I first heard the call to the priesthood shortly after graduating college. At that time, I taught sixth grade English and Social Studies at Clarke Middle School in Lexington, Massachusetts. In addition to teaching, I coached soccer, basketball, and baseball.
On a beautiful June day in 2016, I was on my way to coach a baseball game. As I was struggling to herd my middle school team onto the school bus, one of my colleagues came up to me crying hysterically. A bit concerned and uncomfortable by her tears, I managed to ask her what was wrong. Though I did not know it at the time, her response to my question would change my life forever.
Crying and gasping for breath, she struggled to say, “Peter, my brother in California got into a terrible accident. My mom and I are getting on a plane in an hour because the doctors said he will not make it through the night. Will you pray for him because he has no one to pray for him? My brother is going to die!”
The pain in her voice was piercing. For the first time in my life, I felt a sense of urgency to offer prayers. As she walked away, I thought about the utter desperation she must be feeling. In this unspeakable suffering, she felt like there was no way for her to reach God. Why did she feel the need to tell me this? What could I even do about it? Would God even hear my prayers for this dying man? All these thoughts were racing through my head. I found it difficult to coach the baseball game. All I could think about was the pain in her voice.
After the game, I decided to drive to the closest Catholic church. Expecting it to be locked, I shook the door handle. To my surprise, the church was open, so I went in to offer a prayer. I knelt in the front row and I begged God to help my friend and her brother. I told Him that if my friend’s brother made it through the night, I would come back again tomorrow. By the grace of God, my friend’s brother survived the first night. Sure to stay true to my word, I returned to the church the next day and made the same prayer. This pattern continued for two weeks.
Throughout those two weeks, I discovered an important truth about prayer. In the words of Saint Augustine, “prayer never changes God, it changes us.” In other words, through these prayers, God was drawing me into a relationship with Him. I started to see that God loved me and He created me for a specific reason. More specifically, I started to realize that what I was doing was the job of the priest. Stated plainly, the priest exists to offer prayer and sacrifice for the world, especially for those who feel they have no one to pray for them. The priest helps those who feel forgotten reach God. God calls a man to the priesthood so he can make other friends with God.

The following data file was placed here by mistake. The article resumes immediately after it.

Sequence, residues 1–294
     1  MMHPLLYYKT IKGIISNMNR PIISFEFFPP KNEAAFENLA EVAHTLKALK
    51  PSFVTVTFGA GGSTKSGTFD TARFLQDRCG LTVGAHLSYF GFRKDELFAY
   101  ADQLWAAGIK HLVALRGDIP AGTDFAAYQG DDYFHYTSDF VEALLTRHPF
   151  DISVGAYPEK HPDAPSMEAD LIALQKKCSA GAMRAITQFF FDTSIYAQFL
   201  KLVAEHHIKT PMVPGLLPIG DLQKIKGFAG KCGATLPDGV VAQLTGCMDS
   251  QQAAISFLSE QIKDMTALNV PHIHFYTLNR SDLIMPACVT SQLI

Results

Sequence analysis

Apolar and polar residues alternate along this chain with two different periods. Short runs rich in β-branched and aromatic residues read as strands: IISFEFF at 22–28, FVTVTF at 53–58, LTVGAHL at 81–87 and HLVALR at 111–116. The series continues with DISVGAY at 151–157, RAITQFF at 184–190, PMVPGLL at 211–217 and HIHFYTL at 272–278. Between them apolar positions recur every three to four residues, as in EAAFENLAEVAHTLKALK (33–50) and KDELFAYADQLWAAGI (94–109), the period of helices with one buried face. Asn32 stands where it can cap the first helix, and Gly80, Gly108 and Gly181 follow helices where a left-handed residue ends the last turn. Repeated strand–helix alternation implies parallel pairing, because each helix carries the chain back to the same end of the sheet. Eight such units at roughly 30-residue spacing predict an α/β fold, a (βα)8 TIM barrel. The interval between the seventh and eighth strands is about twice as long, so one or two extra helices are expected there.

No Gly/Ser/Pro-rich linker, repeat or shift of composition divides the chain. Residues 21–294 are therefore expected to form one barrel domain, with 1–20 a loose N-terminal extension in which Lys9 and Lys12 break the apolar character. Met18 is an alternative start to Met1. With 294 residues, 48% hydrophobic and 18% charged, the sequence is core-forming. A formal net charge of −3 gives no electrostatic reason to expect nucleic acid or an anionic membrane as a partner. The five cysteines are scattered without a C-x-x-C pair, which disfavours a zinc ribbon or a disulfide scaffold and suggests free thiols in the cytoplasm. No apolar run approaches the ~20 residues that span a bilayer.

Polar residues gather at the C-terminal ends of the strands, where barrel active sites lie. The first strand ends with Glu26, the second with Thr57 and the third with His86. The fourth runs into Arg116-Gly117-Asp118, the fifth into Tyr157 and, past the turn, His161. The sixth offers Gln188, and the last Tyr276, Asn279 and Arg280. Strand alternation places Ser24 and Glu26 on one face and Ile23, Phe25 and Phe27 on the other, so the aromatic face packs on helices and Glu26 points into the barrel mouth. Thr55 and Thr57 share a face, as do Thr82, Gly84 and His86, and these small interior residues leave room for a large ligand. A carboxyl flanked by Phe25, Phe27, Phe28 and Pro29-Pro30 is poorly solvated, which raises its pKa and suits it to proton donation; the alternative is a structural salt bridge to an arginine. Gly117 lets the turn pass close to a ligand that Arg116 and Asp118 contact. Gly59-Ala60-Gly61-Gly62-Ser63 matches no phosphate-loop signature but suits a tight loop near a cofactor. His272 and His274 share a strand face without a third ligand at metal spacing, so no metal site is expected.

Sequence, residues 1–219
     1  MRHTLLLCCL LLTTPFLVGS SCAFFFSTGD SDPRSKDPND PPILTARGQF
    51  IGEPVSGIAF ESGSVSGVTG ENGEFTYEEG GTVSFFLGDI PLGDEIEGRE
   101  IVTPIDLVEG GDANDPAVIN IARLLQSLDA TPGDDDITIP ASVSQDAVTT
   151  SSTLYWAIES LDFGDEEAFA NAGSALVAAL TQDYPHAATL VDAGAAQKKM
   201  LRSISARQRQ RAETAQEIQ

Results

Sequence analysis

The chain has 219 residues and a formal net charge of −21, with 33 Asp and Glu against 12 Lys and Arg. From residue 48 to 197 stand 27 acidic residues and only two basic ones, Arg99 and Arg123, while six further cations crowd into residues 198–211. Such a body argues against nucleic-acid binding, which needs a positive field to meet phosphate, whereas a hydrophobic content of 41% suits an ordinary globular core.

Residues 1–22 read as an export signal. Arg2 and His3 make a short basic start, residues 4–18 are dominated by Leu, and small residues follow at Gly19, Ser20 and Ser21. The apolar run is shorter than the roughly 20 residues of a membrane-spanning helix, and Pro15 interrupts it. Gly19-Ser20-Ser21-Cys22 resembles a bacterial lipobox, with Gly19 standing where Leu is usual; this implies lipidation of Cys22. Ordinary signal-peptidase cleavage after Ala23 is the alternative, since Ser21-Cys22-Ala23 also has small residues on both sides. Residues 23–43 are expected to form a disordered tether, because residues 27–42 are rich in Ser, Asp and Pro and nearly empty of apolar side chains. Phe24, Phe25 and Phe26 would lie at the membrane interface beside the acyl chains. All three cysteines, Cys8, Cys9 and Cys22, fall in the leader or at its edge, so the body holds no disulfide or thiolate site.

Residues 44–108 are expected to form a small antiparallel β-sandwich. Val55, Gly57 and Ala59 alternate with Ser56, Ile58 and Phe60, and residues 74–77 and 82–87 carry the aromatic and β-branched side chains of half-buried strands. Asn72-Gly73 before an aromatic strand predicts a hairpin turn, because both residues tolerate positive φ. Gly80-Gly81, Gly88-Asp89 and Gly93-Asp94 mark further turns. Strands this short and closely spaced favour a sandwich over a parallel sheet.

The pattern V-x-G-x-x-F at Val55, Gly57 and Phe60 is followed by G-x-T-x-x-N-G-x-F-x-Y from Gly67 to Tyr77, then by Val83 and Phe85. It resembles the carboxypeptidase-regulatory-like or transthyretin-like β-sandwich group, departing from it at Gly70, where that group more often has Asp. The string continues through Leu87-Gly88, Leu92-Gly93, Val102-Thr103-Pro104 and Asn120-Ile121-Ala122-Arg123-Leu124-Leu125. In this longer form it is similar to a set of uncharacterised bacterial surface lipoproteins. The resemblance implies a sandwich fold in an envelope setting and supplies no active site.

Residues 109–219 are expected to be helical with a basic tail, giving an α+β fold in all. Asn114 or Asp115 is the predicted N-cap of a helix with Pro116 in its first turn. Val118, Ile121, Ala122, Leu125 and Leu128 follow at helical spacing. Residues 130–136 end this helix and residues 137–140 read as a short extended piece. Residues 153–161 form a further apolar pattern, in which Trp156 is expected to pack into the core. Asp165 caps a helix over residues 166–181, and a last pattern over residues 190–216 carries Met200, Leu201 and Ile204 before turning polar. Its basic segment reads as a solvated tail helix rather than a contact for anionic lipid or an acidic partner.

This realization gave a new vigor and purpose to my day. Through the grace of God, I started to see everything that happened to me as a way to commune with God. As I knelt in that empty church, begging God to help my friend and her brother, I felt so close to Him. Everything in my life, even the bad things, started to make sense. I could see how He was preparing me to go on a great quest to save souls. It was so mysterious, but when I looked at the tabernacle, I had a strong sense that He wanted to use me, that I mattered to Him. I could sense that He was inviting me to pursue something big. I could not explain everything about this, but I trusted Jesus.
Three weeks to the day after the accident, my friend’s brother passed away. Though he was a lapsed Catholic, before he died, he was anointed by a priest. I believe that God used my prayers to ensure that he was visited by a priest before he went before God. This was yet another sign to me that priests are essential in God’s plan for salvation.
To all the young men reading this blog, never forget that supernatural life begins and ends in the hands of the priest. God entrusts His people into the hands of ordinary men like you and me. Priests exist to introduce Jesus to every human person. It really is that simple. Slowly but surely, God convinced me of this truth in the summer of 2016. He used a tragedy to begin this process. For this reason, I love Saint Paul’s words when he says, “All things work for the good, for those who love God.” (Romans 8:28)
On May 20th, while I am lying prostrate on the Cathedral floor, minutes before I will be ordained a priest, I will think back to that beautiful June day. God used the tragic news I received that day to bring about my priestly vocation. As only God can, He brought about good from evil. I look forward to dedicating my life of prayer to those who feel like they have “no one to pray for them.” Young men, you too should consider joining me in this great mission. This is absolutely what our Church and our world needs.
Peter grew up in Lexington, Massachusetts with his two sisters and three brothers. In his free time, He enjoy playing and watching sports. he also enjoys hiking, skiing, and reading. He first heard the call to the priesthood shortly after graduating college and was ordained a Transitional Deacon for the Archdiocese of Boston on June 4th. God willing, He was ordained a priest on May 20th.